Rio de Janeiro Facts and History

Learn a little before you visit !

On this page we provide notable Rio de Janeiro Facts and a brief history. Guanabara Bay was "discovered" by Amerigo Vespucci in January 1502, who mistook the bay for a river and named it "The River January". It was the capital of Brazil until 1960, when the government moved to the planned interior city, Brasilia.

Rio is undoubtedly Brazil's main tourist destination, and the epicenter of it's music, film, and entertainment industry. It's also the undisputed king of Carnaval, which is the world's largest party.

Rio de Janeiro facts include it being the second largest city in Brazil, behind Sao Paulo and has a metropolitan area population of about 12 million. Demographically, it's about 50% Caucasian, 33% "Brown", 15% Black (Moreno), with the balance being Asiatic.

Rio natives proudly refer to themselves as being "Carioca", and the term embodies more than just the city of residence, but also an attitude and zest for life in a manner only possible in this city.

The many Cariocas, who are "Brown", have a heritage that includes a mix of European, Indigenous Brazilian peoples, and African ancestries. Given the tropical climate, mountainous terrain, fierce Indians, and other factors, Brazil was a pretty tough place for the first arriving European settlers to live. Very few European women were amongst the early settlers, and a lot of mixing of these three races occurred. The result today is a distinct Carioca population of generally very beautiful brown people. This mixing of three races has also resulted in a unique blending of food, culture, and music.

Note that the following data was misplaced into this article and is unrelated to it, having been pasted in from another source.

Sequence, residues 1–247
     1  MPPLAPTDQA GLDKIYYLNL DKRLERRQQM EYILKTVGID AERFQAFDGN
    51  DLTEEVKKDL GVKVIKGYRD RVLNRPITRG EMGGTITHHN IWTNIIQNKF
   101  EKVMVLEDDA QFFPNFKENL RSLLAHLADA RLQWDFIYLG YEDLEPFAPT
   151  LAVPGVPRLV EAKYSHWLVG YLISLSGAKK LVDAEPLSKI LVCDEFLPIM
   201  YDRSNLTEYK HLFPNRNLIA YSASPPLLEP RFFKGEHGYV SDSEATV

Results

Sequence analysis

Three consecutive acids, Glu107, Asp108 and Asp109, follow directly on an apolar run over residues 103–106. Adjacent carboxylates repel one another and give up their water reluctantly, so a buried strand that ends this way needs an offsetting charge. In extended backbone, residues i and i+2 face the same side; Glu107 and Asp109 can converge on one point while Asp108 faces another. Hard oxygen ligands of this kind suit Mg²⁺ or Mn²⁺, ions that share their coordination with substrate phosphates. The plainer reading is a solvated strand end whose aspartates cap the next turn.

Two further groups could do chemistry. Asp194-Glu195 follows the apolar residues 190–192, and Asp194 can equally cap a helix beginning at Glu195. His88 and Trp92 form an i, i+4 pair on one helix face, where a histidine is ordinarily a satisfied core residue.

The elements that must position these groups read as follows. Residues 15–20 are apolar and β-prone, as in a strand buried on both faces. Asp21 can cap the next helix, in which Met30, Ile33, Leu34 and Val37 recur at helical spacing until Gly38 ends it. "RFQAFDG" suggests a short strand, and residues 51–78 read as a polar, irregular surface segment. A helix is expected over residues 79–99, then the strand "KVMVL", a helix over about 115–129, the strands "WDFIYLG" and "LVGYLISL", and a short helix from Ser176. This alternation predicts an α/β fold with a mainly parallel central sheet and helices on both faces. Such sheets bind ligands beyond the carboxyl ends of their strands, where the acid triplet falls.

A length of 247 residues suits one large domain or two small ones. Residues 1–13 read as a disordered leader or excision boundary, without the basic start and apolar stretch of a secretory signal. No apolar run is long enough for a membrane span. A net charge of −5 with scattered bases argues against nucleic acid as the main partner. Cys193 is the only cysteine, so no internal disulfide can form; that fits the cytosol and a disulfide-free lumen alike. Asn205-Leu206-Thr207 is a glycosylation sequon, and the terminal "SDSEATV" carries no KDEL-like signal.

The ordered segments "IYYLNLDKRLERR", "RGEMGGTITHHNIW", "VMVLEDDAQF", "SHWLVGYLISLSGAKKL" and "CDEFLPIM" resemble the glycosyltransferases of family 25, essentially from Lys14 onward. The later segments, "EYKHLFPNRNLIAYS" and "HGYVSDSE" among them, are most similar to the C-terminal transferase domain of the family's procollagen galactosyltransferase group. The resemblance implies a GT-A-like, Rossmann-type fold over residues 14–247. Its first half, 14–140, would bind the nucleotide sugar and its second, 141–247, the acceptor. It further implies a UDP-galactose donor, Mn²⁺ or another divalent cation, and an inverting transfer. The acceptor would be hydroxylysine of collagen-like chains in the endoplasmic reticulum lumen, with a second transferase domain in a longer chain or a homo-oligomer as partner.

Rio is blessed with having fantastic city beaches, lush verdant mountains, that rise quickly from the Atlantic Ocean, and the Tijuca Forest, which is reported to be the world's largest urban rain forest.

The tourist destinations of Ipanema and Copacabana Beach are located in the city's South Zone (Zona Sul) and are some distance from the worst of Rio's notorious Favelas (slums). However, a few smaller Favelas are located on the steep hillsides adjacent to the beaches, and this gives rise to the somewhat frequent petty crimes and occasionally violent crimes that occur in this area. When planning your Rio de Janeiro vacation, read our information about Staying Safe in Rio

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